(Sorry this is late, I was out of town)
Well someone died and someone got screwed, but those weren’t the most interesting parts of this week’s Game of Thrones.
This episode felt kind of like a history lesson, which is good in the sense of learning background about the characters and the kingdom, but also feels like someone’s just straight up reading the original book to you. I know they need a way to get this info out, but I think the show is bordering on almost too much exposition at times.
The most interesting piece of history we learned this week was the kingdom’s past tanglements with the dragons that once flew about the land. Legend tells of a time when brave men slay dragons, but Viserys tells of a time where the truly brave RODE them. He also talked about how the skulls used to line the throne room, and their fire was used to fuse the throne of enemy swords together.
Looks a tad uncomfortable.
I’m going to be pretty upset if all this dragon talk turns out to be one big cocktease, and the show drags on for five seasons before even showing us a glimpse of one. But the problem is, dragons don’t really feel like they belong in this world, as no other magic seems to exist, besides whatever the hell the White Walkers are, and that guy the prostitute met who can “change his face like men change their clothes.” Maybe he’s just really good with makeup. I do want to meet that flamboyant pirate with tons of gold and silk sails she mentioned.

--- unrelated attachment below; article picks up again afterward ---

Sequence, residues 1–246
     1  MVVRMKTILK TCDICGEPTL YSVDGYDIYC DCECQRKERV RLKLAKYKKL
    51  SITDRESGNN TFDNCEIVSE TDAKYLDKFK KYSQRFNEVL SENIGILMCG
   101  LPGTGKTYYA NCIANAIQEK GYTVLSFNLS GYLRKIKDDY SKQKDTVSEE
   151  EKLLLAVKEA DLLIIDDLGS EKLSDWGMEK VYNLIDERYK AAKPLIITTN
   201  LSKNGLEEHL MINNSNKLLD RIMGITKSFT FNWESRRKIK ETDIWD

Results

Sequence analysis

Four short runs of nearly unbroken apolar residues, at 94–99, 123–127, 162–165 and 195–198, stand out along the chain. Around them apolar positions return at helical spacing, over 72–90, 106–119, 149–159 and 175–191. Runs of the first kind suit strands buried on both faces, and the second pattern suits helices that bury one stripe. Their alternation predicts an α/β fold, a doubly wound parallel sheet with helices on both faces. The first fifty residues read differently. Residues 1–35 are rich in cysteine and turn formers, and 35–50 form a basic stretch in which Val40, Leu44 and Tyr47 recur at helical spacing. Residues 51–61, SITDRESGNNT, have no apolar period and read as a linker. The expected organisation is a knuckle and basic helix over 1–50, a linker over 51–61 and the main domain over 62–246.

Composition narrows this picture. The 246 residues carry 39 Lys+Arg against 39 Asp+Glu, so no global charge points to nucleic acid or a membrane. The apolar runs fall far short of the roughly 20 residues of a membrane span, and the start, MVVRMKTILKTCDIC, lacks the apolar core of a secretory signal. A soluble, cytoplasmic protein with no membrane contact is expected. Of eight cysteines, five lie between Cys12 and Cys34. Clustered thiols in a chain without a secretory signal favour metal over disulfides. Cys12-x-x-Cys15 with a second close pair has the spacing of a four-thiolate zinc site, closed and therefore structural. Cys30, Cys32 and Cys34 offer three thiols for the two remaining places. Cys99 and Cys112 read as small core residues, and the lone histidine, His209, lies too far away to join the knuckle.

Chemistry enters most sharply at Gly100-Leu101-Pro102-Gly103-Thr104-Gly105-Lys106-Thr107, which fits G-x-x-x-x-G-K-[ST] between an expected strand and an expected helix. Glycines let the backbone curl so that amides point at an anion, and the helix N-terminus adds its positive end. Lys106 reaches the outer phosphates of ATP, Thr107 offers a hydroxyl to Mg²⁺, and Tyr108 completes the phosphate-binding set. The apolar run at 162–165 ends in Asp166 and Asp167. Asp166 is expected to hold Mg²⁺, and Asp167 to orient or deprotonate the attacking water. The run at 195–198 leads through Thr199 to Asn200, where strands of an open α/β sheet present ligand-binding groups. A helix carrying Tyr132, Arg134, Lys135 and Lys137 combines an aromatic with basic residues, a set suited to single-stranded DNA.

The Targaryen drama unfolded almost exactly the way it did last week, with Viserys going off the handle at his sister for sending a servant to fetch him for dinner. He assaults her once more, but with no bodyguards to defend her this time, she does so herself, whacking him in the face with a necklace, which apparently is more than enough to halt his tiny fists of fury. She reminds him that she’s the queen, bitch, and the next time he touches her, she’ll have his hands cut off.
Privately, she expresses what I’ve known since episode two, that her brother is in no way going to win back the throne, even if the Dothraki army he’s allegedly bought would ever follow his orders. I have never quite understood this plotline, as I don’t get what makes the Dothraki feel the need to keep this seemingly one-sided deal. If he was part of some rich, powerful family that STILL had influence, I could see Droga wanting to help him out, but what the hell is stopping a man as brutal as him from just taking his hot sister as his bride, murdering him on the spot, and going on his merry way? What’s in it for him if he crosses the ocean and sacrifices thousands of his people for this blond idiot? This is a point that needs to be made clearer.
“Well excuuuuuuuuuuuse me Princess!”
Meanwhile, across the narrow sea, more relevant plotlines unfold. Ned is starting to look into the death of the previous hand, and discovers that before his demise, he was looking through a book about the kingdom’s genealogy. He was also visiting an out of the way armory, and when Ned goes to investigate, he finds a young burly blacksmith’s apprentice that he immediately knows is King Robert’s bastard. Glad we didn’t have to drag that mystery out.